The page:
Poster Presentation The Annual Scientific Meeting of the Australian Diabetes Society and the Australian Diabetes Educators Association 2013

Reduced autoimmune diabetes incidence via glycotoxin lowering therapies is time dependent in an experimental diabetic mouse model (#274)

Danielle J Borg 1 , Felicia (Yih Teng) Yap 2 , Amelia K Fotheringham 1 , Brooke E Harcourt 1 , Domenica McCarthy 1 , Micheal S Ward 1 , Robyn Slattery 3 , Melinda Coughlan 2 , Philip Kantharidis 2 , Josephine M Forbes 1
  1. Mater Research, Woolloongabba, QLD, Australia
  2. Division of Diabetes Complications, Baker IDI Heart and Diabetes Institute, Melbourne
  3. Department of Immunology, Monash University AMREP, Melbourne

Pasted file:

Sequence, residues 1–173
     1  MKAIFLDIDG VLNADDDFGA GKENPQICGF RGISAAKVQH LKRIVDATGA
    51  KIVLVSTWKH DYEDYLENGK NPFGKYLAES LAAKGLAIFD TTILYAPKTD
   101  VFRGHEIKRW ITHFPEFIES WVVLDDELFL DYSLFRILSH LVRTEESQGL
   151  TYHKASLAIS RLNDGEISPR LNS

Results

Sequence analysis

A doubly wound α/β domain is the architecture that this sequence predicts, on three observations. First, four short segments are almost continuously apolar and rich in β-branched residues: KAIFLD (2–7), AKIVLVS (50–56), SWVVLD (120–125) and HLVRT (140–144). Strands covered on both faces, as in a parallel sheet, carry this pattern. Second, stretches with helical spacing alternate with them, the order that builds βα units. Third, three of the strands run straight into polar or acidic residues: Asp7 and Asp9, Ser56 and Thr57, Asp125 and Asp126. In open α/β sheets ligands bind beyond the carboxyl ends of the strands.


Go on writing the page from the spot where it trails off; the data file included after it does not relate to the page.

The surge in type 1 diabetes within lower risk genotypes is most likely a result of environmental risk factors. Altered dietary patterns and food processing has led to increasing exposure to advanced glycation end products (AGEs) which have been shown to influence islet secretory function.  Herein we examined the effect of reducing AGE exposure with various therapies administered either as short term treatments prediabetes or long-term intervention for the remainder of life. Female NODShiLt mice (n=10/group) received either (i) No therapy (ii) a diet 4-fold lower in AGE content or (iii) the AGE lowering therapy, alagebrium chloride (ALT; 1mg/kg/day) from day 50 to 100 or day 50 to 200 of life. Mice treated with ALT from day 50 to 100 of life, had a considerable reduction in diabetes by day 200 as compared to control mice (80% vs 20%, p=0.005). Conversely, mice fed a low AGE diet from day 50 to 100 of life were not protected at day 200 as compared to control mice (80% vs 60%, p=0.35). ALT therapy improved glucose and insulin tolerance while a low AGE diet only enhanced glucose tolerance prediabetes (day 80) despite a decline in insulin sensitivity compared to control mice. Long-term administration of either a low AGE diet or ALT (day 50 to 200) prevented the development of diabetes compared to control mice (90% and 95% respectively vs 50%, p<0.05). While long-term ALT treatment improved glucose tolerance and islet secretory function, the low AGE diet improved only glucose tolerance with a decline in insulin sensitivity prediabetes compared to control mice (p<0.05). These results demonstrate protection afforded by targeting AGEs in experimental autoimmune diabetes varies depending on the type and length of therapy. Further insight into mechanisms responsible for this variation is required to better evaluate these approaches in the prevention of type 1 diabetes.